If you presently find it difficult to believe that you can become an action-oriented person, you will benefit greatly from a teacher, mentor, friend, or coach who believes in you and your abilities. Having someone you respect believe in you is inspiring and motivating. You will gain a stronger and deeper belief in yourself.
Love Yehuda Lave
The film maker made this film about Baruch Marzel during graduate school. This is is his comments. While in the process of getting a doctorate in anthropology, I binge-watched the Errol Morris series First Person, a show that ran on Showtime from 2000-01. Each episode of the series focuses on an individual with an interesting life story like Murray Richman, a lawyer to the mob, or Joan Dougherty, a woman who cleans up crime scenes. I really liked this form, just 30 or 60 minutes in the mind of another person, a chance to think about the world through another person's views. I decided I wanted to try it myself. And I knew a perfect subject.
Baruch Marzel is one of the most prominent members of the Jewish community in Hebron, the only Jewish community in the West Bank that sits inside a predominantly Palestinian city. He served as a parliamentary aide for Rabbi Meir Kahane, one of the godfathers of the Israeli hard right. After Kahane was assassinated in New York City in 1990, Marzel became one of the leaders of Kach, Kahane's political party, which he led for almost five years until the time of the Baruch Goldstein massacre, at which point the group was banned by the Israeli government. A few years later, the U.S. State Department designated Kach as a terrorist organization.
These days, Marzel can best be described as community organizer. He helps run community events and the Jewish guest house in Hebron. He also organizes protests related to political and cultural issues, as can be seen in this video of him protesting Jerusalem's gay pride march by walking around with a
While the American and Israeli governments consider Marzel to be a violent threat, he was always something else to me: a distant cousin, with a shared great grandparent. I met him for the first time in 1994 when my family visited Hebron, and I spent a Shabbat with him and his family in a neighboring trailer that belonged to a rabbi who had been stabbed to death there months earlier. There were a bunch of weekend visitors staying there with me, one of whom asked the group on Shabbat afternoon if anyone wanted to pepper-spray some Arabs.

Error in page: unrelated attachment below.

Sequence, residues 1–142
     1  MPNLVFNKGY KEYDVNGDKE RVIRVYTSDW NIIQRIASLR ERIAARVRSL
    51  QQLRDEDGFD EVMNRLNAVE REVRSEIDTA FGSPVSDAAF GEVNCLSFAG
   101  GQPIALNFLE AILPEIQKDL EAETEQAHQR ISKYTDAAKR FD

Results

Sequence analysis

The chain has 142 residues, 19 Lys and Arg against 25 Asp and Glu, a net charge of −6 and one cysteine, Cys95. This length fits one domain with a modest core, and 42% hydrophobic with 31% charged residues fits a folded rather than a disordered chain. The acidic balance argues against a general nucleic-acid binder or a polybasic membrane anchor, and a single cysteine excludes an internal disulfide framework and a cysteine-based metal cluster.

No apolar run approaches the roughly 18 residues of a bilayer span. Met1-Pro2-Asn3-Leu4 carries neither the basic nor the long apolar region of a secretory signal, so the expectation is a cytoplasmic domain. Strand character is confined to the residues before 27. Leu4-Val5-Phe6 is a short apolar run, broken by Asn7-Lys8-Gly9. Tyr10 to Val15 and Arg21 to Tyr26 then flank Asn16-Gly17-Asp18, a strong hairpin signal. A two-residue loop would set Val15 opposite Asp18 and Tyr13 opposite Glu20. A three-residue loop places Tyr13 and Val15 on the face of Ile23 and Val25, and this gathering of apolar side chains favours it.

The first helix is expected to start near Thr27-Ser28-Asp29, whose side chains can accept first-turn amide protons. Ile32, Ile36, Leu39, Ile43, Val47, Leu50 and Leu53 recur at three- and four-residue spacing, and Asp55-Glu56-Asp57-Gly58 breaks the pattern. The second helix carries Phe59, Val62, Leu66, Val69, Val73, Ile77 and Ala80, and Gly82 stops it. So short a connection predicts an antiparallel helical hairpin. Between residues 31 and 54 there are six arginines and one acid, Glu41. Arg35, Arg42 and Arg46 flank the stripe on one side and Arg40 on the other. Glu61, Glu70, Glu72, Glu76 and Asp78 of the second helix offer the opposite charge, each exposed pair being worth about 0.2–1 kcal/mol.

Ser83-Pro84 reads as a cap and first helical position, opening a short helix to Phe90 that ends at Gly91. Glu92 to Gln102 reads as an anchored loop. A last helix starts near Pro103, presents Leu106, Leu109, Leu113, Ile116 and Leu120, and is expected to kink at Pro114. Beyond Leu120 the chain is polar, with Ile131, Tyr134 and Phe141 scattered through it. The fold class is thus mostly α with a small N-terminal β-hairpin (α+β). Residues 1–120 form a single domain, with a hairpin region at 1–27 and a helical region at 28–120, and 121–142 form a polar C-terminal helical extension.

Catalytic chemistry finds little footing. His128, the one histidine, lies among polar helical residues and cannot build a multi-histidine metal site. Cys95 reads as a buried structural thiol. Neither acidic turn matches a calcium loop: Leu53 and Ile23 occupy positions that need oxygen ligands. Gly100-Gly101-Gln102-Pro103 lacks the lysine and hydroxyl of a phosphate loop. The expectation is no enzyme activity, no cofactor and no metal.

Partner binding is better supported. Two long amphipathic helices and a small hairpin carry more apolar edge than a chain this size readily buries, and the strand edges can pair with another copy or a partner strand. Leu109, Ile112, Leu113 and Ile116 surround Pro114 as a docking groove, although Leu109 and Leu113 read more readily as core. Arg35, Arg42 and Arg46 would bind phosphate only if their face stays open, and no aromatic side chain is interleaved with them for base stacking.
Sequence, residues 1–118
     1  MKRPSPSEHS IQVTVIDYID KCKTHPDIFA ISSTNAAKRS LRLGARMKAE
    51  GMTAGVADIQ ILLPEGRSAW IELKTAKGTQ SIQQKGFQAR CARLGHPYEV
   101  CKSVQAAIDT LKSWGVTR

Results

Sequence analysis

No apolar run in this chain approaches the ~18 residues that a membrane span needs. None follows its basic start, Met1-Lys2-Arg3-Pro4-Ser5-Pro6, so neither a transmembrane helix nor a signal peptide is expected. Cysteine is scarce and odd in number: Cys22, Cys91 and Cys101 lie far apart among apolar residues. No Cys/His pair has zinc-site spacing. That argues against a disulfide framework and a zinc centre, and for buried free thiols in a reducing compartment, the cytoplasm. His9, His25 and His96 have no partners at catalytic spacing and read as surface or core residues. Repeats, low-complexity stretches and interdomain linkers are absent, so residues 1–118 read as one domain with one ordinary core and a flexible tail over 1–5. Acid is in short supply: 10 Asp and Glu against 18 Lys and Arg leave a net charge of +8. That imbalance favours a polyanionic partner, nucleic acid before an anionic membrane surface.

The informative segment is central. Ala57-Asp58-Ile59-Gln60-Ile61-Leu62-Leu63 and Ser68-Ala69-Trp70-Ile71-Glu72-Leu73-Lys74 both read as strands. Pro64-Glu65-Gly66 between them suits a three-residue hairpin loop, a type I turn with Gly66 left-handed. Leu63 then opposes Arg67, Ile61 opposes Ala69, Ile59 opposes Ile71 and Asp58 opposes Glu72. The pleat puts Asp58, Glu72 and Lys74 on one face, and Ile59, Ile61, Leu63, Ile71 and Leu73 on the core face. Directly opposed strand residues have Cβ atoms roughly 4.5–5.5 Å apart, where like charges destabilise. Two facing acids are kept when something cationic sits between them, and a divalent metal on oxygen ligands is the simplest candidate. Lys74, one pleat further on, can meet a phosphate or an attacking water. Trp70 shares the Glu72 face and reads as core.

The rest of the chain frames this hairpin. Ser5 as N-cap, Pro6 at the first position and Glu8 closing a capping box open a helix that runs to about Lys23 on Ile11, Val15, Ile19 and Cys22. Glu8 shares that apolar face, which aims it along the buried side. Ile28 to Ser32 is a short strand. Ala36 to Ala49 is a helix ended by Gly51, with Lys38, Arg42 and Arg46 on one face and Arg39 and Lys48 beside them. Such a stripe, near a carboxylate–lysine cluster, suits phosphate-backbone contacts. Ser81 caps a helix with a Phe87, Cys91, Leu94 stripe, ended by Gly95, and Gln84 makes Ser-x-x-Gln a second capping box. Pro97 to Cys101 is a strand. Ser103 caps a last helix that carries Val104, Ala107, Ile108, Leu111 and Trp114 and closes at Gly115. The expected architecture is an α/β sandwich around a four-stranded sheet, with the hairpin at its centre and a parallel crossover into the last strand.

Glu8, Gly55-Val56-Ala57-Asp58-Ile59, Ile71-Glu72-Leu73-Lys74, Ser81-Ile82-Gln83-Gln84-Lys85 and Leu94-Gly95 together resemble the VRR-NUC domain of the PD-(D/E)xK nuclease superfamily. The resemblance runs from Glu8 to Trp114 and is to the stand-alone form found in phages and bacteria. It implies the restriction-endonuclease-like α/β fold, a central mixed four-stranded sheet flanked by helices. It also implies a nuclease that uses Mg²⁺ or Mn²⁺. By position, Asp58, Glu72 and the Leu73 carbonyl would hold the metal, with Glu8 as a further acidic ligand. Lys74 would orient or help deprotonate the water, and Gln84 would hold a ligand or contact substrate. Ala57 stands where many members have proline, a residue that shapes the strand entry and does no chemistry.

Marzel interested me because he represented a form of muscular Judaism that celebrates Jewish power. In the version of Jewish history I got as a kid, Jews were permitted to be rebellious and violent until in the second century when the Romans squashed us, after which we enjoyed 18 centuries of having our behinds kicked. Against that backdrop, Marzel's political views and his comfort with violence seemed fascinating to me. I also felt that Marzel's story was interesting on a broader level, not just for what it represented vis-a-vis Judaism but for what it could say about political radicalism.
On an objective level, Baruch Marzel is an extremist, someone whose views are to the far side of the political spectrum. The title of the film is in fact based on a Kahane quote. I see this film as a meditation on fundamentalism, 22 minutes inside the mind of a man who sees black and white where most people see at least a touch of gray.
Marzel didn't know I had come to Israel just to make a film about him, and when I told him about the idea, he was deeply skeptical. Unlike most documentary subjects I have filmed, he seemed genuinely uninterested in the project and didn't feel flattered to have a camera around him. He reluctantly agreed, and all he wanted was for me to be unobtrusive and to not be a pest.
To say the film's aesthetics and content owe a great deal to Errol Morris would be an understatement. Imitation is the sincerest form of flattery, and I essentially tried to make, with some modifications, my own episode of First Person about Baruch.
Perhaps the most celebrated part of Morris' aesthetic is the way his subjects make direct eye contact with the viewer, a choice that differs from most network television and documentaries in which the subject looks off to the side, across the screen, toward the interviewer. I've never liked that convention, prefering instead the intimacy of Morris' approach, which the filmmaker achieves through what he calls the Interrotron. Essentially, he and the subject are looking at each other through teleprompters placed over the camera, so that the subject is looking both directly at Morris but also at the viewer. Before leaving for the West Bank, I found someone to build me a version of Morris' setup small enough I could carry it to Israel. During the actual interview, we are in the same room, but separated by a screen. We aren't physically making direct eye contact.